He explains in relatively calm narrative that he has seen an overseer named "Mr. Plummer...cut and slash the women's heads..." And how he knew that his master Anthony to…
Douglass, Frederick. Narrative From the Life of Frederick Douglass. University of Virginia
Library, Electronic Text Center. Retrieved 11 March, 2007, at http://etext.virginia.edu .
Truth, Sojourner. Ain't I a Woman? Retrieved 11 March, 2007, from Women Writers, http://www.womenwriters.net/domesticgoddess/truth.htm .
She slices through this logic with a great deal of humor and insight, and it is because of this humor and insight that the crowd leapt to its feet when she was done, and why we still talk about her today. Her ability to survive the trauma in her life and view it with total honesty, deep perspective, and sharp wit earned her the respect of her own generation and those to come.
"John Brown's Final Speech" is entirely different in topic and tone, but it too addresses the injustices of society. Like Sojourner Truth, John Brown points out the great hypocrisy of white society -- if he had gone the lengths he did for the sake of rich white people, he would have been deemed a hero. But since he was fighting for the rights of the slaves, those standards did not apply.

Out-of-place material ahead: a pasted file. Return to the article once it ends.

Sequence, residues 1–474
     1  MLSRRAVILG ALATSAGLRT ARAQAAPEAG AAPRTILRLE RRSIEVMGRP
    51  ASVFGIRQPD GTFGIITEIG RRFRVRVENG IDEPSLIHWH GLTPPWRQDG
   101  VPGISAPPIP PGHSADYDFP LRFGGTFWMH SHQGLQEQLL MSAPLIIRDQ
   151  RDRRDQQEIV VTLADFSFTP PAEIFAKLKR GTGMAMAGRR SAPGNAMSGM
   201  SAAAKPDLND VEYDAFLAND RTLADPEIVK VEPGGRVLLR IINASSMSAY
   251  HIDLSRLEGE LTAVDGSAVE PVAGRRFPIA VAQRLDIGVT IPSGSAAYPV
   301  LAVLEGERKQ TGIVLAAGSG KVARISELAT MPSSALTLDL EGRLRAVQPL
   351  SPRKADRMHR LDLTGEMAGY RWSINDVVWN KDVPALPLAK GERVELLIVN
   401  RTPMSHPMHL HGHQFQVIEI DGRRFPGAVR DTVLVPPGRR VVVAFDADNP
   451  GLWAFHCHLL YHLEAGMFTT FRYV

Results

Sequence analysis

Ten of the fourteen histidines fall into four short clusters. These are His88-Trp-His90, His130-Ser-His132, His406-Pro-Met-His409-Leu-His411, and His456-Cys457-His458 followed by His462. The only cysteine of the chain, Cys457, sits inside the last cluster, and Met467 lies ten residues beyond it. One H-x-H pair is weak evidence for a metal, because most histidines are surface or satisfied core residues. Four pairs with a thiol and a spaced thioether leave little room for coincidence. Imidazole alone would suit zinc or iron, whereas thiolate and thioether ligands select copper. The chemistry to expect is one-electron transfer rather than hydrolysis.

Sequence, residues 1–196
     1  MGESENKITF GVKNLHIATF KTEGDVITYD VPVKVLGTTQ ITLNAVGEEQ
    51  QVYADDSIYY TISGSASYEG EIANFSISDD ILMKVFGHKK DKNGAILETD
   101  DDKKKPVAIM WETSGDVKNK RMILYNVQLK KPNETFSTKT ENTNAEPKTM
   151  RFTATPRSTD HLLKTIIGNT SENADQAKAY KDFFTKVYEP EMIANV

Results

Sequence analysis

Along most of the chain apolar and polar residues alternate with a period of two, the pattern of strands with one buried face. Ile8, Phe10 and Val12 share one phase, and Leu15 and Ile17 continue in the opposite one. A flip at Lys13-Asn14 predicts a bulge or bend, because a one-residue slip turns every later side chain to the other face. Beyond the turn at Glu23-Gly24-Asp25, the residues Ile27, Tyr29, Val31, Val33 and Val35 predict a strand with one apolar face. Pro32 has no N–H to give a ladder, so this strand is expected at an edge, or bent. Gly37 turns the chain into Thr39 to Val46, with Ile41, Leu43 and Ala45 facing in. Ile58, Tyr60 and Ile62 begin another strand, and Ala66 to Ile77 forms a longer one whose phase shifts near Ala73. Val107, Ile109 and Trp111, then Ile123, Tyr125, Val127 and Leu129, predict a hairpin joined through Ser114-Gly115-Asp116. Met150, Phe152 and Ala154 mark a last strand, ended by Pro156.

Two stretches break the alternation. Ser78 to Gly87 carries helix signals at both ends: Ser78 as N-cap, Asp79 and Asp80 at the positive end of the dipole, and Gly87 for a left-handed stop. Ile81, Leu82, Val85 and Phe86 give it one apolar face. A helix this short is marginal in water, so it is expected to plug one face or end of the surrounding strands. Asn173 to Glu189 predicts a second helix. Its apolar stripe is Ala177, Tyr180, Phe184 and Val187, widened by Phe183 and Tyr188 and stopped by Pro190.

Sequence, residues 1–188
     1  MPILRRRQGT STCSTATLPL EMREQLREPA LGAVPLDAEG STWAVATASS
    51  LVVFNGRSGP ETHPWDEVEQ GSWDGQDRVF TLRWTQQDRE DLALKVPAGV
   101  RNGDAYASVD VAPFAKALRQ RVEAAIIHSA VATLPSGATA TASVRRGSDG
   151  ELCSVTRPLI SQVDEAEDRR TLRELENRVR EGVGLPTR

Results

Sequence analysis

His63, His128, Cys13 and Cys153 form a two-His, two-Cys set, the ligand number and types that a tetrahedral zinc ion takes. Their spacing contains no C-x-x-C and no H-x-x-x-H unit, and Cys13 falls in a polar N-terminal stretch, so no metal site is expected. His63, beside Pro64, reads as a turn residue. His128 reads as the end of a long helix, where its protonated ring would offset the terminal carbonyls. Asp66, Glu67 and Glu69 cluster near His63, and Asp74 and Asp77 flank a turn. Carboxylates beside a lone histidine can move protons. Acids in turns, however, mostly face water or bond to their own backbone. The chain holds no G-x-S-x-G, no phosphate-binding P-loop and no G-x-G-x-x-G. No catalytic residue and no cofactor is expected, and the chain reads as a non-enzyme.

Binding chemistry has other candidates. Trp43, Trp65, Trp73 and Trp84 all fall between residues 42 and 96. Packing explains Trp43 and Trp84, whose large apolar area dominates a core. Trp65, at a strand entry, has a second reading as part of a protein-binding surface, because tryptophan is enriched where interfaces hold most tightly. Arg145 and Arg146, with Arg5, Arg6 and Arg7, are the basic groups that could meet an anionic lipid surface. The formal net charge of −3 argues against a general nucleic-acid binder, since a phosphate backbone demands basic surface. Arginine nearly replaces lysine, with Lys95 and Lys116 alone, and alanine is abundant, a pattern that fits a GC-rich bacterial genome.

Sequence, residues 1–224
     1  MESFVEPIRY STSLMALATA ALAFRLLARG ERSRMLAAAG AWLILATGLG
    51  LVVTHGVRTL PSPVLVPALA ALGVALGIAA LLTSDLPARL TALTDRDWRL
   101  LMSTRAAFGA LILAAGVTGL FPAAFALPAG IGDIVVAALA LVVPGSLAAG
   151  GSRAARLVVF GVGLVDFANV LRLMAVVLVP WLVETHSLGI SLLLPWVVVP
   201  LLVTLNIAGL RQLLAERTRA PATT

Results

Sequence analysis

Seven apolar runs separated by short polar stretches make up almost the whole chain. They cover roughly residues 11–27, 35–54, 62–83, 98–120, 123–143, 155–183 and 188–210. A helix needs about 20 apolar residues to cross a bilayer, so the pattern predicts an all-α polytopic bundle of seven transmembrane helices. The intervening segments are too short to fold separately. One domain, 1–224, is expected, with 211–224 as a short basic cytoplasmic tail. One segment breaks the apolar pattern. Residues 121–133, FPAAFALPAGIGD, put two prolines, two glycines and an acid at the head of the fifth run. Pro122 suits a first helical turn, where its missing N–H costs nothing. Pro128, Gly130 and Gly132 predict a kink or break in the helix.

The most important point of John…
Weld and Truth: Speaking Their Minds
Angelina Grimke Weld and Sojourner Truth were two 19th century women who spoke up for abolition. Weld was a white Southerner; Truth was a runaway slave who became an itinerant preacher. Both women supported women’s rights and an end to slavery. One was white and from a wealthy family, another was black and poor—but both shared the same spirit and ideas, and both had seen slavery up close and personally. While Truth experienced it, Weld witnessed it, and the experiences of each transformed them and informed their speeches—Weld’s speech in Philadelphia in 1838 and Sojourner’s speech in 1851 in Akron at the Women’s Rights Convention.